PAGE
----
Often made out as the easiest jobs ever, office jobs are hugely underrated. After all, who could possibly grow tired of answering emails, Excelling, Wording, Power-Pointing, and typing, all, day, long?
The fact of the matter is that an office job, no matter how boring it may seem, still drains you. It creates stress, and whenever we’re placed under stress, our bodies produce more adrenaline, which tires us more than you’d imagine.
Obviously, you won’t experience the same kind of exhaustion from working a desk job from nine to five then you would feel from strenuous exercise, but it’s an exhausting task nonetheless.
According to Zucker Hillside Hospital Clinical Psychologist, Dr. Curtis Reisinger, “people’s emotions are contagious, and when we have mental and emotional responses to the things that happen in our office environment, it takes physical exertion.” That co-worker of yours who keeps on complaining or the one that’s sad all day long – it totally rubs off on you and becomes a shared, group behavior. Once you realize that the state of your environment also drains you, that exhaustion becomes even more apparent.
While you’re quietly carrying on with your regular day-to-day activities at the office, you’re subconsciously preempting responses you’ll give to a colleague’s comments during certain scenarios. You need to concentrate on your job at hand as well as that of the office environment. All of this is simply exhausting. People who suffer from anxiety or depression are also much more likely to experience this kind of physical exhaustion due to mental fatigue much more severely.
How to Combat Mental Fatigue at the Office
If your brain is working overtime to make it through the ever ending to-do list, it may be time to give it a break. Here are some strategic tips for preventing mental fatigue at the office:
- Seize restful opportunities.
There are plenty of moments during the day which is perfectly fine for giving your mind some time to rest. Have you ever noticed how you scroll through your phone during certain times of the day? Those are key resting and relaxing moments. You can try doing some slow breathing during these moments or simply just pay special attention to the here and now. You should focus on practicing mindfulness for real life and not be trying to overcomplicate the whole scenario.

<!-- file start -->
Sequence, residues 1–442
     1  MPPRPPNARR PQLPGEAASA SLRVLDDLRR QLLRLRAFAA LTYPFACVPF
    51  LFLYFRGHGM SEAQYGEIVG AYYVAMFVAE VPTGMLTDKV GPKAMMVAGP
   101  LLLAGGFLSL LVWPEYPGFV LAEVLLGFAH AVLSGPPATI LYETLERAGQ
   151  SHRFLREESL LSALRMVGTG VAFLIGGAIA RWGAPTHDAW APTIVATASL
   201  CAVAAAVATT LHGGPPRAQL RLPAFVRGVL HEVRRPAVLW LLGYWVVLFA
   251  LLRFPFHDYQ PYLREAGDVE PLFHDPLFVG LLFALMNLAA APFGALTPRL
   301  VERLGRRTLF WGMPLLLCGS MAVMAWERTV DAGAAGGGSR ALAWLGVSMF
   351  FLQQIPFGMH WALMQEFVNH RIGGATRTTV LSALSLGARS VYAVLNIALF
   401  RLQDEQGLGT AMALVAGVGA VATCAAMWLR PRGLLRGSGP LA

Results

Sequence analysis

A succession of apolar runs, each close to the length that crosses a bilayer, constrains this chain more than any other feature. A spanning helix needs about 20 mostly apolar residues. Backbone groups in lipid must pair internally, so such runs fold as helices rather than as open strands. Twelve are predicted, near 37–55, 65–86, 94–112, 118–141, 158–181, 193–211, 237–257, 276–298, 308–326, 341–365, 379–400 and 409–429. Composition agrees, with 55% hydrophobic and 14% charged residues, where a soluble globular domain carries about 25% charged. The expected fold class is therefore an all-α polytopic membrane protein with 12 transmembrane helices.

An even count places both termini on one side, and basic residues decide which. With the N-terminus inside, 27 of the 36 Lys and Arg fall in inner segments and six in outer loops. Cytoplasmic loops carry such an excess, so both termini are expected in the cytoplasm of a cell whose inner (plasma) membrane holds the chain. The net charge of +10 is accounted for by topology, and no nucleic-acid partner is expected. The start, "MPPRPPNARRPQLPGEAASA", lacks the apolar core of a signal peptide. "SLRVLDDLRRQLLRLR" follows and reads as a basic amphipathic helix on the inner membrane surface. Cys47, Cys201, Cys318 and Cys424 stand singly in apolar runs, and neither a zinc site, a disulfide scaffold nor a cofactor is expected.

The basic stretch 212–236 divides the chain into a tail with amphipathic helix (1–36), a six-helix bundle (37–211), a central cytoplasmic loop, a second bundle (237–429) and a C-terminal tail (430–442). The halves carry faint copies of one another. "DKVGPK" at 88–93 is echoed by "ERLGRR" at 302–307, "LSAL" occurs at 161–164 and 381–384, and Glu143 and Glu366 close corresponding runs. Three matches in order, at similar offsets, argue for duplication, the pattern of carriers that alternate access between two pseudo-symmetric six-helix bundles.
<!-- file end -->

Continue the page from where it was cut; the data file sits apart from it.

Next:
- Cut down on the excess sensory input.
Excess light and noise can be a real drainer that emphasizes mental fatigue. Dry sitting in a dark room for a few minutes each day where you won’t be interrupted by any noises. You can also try wearing headphones while you’re working, which can be useful to help block out office politics.
- Schedule some relaxation time.
The fact that you’ve got too much going on with your to-do list is a very real threat to your time, but so is your mental state. Before you can take care of work, you need to be taking proper care of yourself, and part of that TLC is relaxation. Make sure you schedule some time in your diary to do some proper relaxing and do not feel guilty about doing so when the time arrives.
- Be realistic about how much you can get done in a day.
A lot of us never make it through our to-do lists on busy days. Sometimes you just have to embrace that you can’t get everything done in one day. Remember that we live in a world of opportunities, there’s always room to do more and achieve more, but some days, it will not be on that specific day. If you can’t get around to doing something today, there will always be another or better day to tick it off the list.
There are certain types of effort that pay dividends beyond just your initial input, like when you discover a more effective and efficient way of getting a certain task done. Try to prioritize these type of activities so that you can set yourself up to free up more of your time as well as your mental and physical energy in the long run!